Yesterday we harvested some really beautiful red beets–Chioggias, from Italy–one of four varieties we’re growing in the garden this year. These were planted just over two months ago, on March 21.
Cut in two, a Chioggia looks a lot like a bb target with its red and white rings. For people who like beets, it makes a colorful addition to a salad.
Not everyone likes beets, however. While many love them, many also hate them. President Obama and the First Lady, for example, both count themselves among the thumbs-down-to-beets segment of the population, roughly a third of the country. That’s why there’s not a single beet growing in the White House’s kitchen garden.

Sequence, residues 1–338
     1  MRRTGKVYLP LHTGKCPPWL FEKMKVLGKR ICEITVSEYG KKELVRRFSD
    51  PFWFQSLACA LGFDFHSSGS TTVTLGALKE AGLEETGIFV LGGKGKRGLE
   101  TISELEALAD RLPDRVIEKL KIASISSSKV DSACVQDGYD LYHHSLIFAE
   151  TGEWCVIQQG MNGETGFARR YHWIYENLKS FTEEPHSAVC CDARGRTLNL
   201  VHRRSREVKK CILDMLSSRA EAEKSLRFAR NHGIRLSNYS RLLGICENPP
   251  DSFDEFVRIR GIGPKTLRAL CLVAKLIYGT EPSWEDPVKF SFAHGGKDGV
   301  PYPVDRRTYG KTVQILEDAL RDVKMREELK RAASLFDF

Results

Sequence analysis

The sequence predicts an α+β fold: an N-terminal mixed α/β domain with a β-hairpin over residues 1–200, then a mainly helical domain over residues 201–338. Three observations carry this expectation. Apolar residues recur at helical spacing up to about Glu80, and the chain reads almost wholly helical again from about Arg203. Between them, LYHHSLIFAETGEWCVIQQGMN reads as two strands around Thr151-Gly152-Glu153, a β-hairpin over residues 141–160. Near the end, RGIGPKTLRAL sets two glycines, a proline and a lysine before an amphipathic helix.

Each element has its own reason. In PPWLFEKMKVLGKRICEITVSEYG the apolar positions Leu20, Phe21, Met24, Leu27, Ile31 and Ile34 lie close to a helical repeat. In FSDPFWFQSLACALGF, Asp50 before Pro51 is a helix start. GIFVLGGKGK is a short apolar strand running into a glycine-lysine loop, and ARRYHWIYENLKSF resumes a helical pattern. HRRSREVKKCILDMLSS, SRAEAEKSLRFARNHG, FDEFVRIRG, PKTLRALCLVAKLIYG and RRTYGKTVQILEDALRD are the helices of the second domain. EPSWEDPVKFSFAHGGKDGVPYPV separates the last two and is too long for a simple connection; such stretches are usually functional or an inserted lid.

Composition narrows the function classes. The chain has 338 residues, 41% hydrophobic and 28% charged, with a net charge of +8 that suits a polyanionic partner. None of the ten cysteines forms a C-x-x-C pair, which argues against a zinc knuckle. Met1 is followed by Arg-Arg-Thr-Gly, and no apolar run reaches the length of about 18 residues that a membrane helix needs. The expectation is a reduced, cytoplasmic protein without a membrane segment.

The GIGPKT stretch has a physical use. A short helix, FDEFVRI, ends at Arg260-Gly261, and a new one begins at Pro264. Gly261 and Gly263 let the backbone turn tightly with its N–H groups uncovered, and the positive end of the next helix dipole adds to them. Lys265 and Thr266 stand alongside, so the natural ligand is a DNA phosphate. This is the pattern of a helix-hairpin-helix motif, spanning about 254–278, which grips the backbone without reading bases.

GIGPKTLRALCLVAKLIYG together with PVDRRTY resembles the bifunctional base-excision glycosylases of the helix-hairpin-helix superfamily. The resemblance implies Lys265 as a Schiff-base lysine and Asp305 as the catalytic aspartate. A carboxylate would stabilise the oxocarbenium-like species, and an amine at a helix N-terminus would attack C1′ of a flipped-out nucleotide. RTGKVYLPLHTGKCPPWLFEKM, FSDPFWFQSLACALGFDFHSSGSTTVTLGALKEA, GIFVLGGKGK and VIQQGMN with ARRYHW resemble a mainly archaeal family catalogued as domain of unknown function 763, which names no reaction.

Why do some folks not like beets? For most, it’s because of their bad luck in the genetic casino. They ended up with a set of genes that make them especially sensitive to the scent of geosmins, bacterial debris that give fresh dirt its fresh smell, but that also (for these poor souls, at least) make fresh beets taste like dirt. (Google "beets" and "taste like dirt" and you’ll see how widespread this phenomenon is.)
Beets are not the only veggie that puts off certain segments of the population. Cilantro does, too. About 10% of the country thinks fresh Cilantro tastes like soap. Fresh tomatoes, too. For a very small slice of the population, sliced tomatoes taste gross, like totally icky.
All because of unlucky draws from the gene pool.
Our hearts go out to these poor souls; but this also means all the more for the rest of us (!).